From: Michael Oshman, Green Restaurant Association
Published December 3, 2007 06:46 PM

The Greening of Restaurants

Boston - The restaurant industry in the United States is the largest consumer of electricity in the retail sector, accounting for one out of every three kilowatts in your favorite retail destination. As more people dine out, Americans spend about half of their food budgets at restaurants. Besides the government, the restaurant industry is the largest employer in this country, accounting for 12.8 million people. Lastly, the restaurant industry impacts about 1/10th of the American economy, making its impact larger than the total of many countries in the world.

Now, why is this important?

Because this industry has such a large financial and environmental impact worldwide, it is vital that it become environmentally sustainable. Back in 1990, the Green Restaurant Association was founded to help the restaurant industry achieve environmental sustainability through its environmental guidelines, including sustainable food, green building, nontoxic chemicals, energy efficiency, water efficiency, recycling, composting, recycled packaging, and more. The Green Restaurant Association, 17 years later, is an international nonprofit organization helping restaurants in over 30 states in the USA, in addition to Canada and overseas. The GRA works with all sectors of the restaurant industry to create sustainability from consumers to restaurant owners; from distributors to manufacturers; from utilities to architects.

When one sits down to eat at a restaurant, they generally do not think about the fuel efficiency of the trucks that delivered the food, chemicals, and packaging. They usually do not think about the water efficiency of the machines that will wash their dishes; nor do they think of the toxicity of the cleaning chemicals that are used on the floor, bathrooms, and tables. But all of these factors and more go into the total environmental impact of this industry.

With the world’s largest database of environmental solutions for the restaurant industry, the GRA engages restaurants through environmental assessments, consulting, education, and certification programs to help each restaurant proceed through a series of environmental steps each year. By helping the restaurants, the GRA is interfacing with their distributors, helping them carry more green products. All of this sends a ripple up through the market, so that in 2008, there are manufacturers now looking to the GRA for how they should produce their products.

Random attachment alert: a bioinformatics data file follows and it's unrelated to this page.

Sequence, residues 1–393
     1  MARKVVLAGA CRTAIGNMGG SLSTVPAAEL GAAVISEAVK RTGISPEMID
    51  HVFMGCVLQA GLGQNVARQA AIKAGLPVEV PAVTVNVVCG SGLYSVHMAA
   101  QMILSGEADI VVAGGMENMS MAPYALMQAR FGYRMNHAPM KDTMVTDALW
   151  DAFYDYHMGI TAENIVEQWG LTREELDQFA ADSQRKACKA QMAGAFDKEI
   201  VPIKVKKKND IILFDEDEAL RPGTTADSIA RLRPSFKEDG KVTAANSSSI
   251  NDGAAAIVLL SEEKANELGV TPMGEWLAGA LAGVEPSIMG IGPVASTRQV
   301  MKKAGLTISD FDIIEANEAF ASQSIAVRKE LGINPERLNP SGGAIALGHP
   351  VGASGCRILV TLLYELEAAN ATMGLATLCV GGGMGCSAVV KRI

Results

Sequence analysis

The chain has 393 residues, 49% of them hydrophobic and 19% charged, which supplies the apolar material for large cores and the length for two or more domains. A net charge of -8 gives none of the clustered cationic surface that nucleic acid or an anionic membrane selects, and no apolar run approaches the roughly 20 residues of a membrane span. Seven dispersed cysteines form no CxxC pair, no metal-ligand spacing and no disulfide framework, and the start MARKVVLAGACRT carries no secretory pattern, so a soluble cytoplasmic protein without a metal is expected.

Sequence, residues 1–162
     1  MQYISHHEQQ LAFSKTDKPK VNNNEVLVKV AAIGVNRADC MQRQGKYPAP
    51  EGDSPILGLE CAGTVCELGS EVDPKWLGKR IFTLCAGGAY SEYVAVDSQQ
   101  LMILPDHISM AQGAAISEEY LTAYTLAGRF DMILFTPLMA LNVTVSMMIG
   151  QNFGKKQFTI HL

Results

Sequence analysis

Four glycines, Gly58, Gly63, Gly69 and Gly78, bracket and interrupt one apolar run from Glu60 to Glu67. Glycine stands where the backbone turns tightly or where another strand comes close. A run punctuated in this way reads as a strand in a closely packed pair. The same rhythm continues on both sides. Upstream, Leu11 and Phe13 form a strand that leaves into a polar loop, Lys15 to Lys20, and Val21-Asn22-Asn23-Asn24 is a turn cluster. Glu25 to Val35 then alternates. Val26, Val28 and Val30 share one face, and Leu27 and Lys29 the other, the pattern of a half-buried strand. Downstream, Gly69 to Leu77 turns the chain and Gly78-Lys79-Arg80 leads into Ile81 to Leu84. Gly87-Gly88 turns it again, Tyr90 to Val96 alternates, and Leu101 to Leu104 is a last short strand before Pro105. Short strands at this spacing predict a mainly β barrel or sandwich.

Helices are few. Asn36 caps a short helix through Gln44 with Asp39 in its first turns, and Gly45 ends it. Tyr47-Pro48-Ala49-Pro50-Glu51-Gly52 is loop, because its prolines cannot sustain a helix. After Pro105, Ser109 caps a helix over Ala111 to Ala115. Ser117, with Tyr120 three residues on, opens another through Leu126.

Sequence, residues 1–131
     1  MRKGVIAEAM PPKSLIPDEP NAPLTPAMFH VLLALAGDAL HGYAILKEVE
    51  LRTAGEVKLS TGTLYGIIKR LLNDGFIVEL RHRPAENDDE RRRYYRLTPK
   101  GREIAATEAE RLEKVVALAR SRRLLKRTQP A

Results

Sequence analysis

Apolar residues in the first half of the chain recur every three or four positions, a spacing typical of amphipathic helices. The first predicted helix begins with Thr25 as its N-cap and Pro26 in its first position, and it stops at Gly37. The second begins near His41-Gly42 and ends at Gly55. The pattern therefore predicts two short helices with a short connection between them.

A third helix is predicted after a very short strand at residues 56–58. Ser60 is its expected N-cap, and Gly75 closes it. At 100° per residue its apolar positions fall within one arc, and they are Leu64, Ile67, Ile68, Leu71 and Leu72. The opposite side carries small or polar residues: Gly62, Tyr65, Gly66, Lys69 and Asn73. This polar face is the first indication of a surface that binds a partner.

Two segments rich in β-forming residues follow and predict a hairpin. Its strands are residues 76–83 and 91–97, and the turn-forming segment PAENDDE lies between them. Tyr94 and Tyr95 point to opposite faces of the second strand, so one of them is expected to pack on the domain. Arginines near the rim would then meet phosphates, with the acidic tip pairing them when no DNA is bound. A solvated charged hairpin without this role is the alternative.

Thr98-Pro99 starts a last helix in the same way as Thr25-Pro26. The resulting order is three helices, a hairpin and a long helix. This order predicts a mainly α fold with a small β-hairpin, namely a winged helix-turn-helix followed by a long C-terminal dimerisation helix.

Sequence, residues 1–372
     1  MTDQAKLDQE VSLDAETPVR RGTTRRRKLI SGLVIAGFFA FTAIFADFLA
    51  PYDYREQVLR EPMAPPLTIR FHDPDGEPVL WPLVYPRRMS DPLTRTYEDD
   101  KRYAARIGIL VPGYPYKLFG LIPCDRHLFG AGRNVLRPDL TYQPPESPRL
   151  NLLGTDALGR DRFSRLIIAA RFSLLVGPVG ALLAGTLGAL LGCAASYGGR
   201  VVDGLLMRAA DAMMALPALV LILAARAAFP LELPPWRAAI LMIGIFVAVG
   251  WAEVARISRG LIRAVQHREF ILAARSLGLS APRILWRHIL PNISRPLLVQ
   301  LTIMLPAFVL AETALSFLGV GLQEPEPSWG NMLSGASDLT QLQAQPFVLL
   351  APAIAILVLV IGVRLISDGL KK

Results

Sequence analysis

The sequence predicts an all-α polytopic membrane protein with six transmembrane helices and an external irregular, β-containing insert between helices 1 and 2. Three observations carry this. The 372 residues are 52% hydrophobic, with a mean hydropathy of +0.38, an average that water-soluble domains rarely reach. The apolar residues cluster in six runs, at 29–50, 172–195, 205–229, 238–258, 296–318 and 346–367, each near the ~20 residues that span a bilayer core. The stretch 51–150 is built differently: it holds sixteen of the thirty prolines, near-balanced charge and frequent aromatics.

As with other sectors, it is the end-user consumer who is driving this demand. Consumer behavior across the market has demonstrated that people are willing to put their money where their mouth is. As consumers look for the organic label to know that that product was not grown with toxic pesticides; as people look for the FSC label when searching for sustainable wood; so, too, consumers can go to to search for Certified Green Restaurants in their area. Some cities have quite of a variety of Certified Green Restaurants. America’s largest privately held coffee chain, the Coffee Bean and Tea Leaf, has over 200 of their locations as Certified Green Restaurants, mainly in Southern California. Boston and NYC boast scores of Certified Green Restaurant dining options. From fine dining to fast food, customers can find Certified restaurants in their area. For areas that don’t yet have a plethora of Certified Green Restaurant choices, consumers can pass our GRA suggestion cards (, encouraging restaurants to go green.

Some CGR’s are Near-Zero Waste restaurants via recycling, composting, and diverting waste grease to biodiesel. The GRA helps restaurants like these set up diversion programs and purchasing programs to achieve a goal such as this. Other CGR’s have 95% or more Certified organic ingredients. Some focus on local purchasing; others have very efficient equipment. The GRA creates a customized strategy for each of its clients to proceed through new environmental changes every year.

There are many choices that a consumer can make to become more environmentally responsible. Building a home, purchasing a car, choosing a career. All of these are big decisions and good ones to make in considering their environmental impact. Choosing a restaurant is not a monumental environmental decision. It is one of those easy things consumers can do many times a week… to choose to patronize the restaurant that is certified green.

The decision also does not have to be hard for a restaurant. The GRA makes the process of change easy for them, and often the restaurants are rewarded with increased patrons and loyalty, higher employee morale, media exposure and a sense of being on the right side of history.

After seventeen years of hard work, the GRA is busy growing and responding to demand from some of the largest chains in America. The GRA is proving that an industry can truly become more sustainable each year, in all of its sectors.

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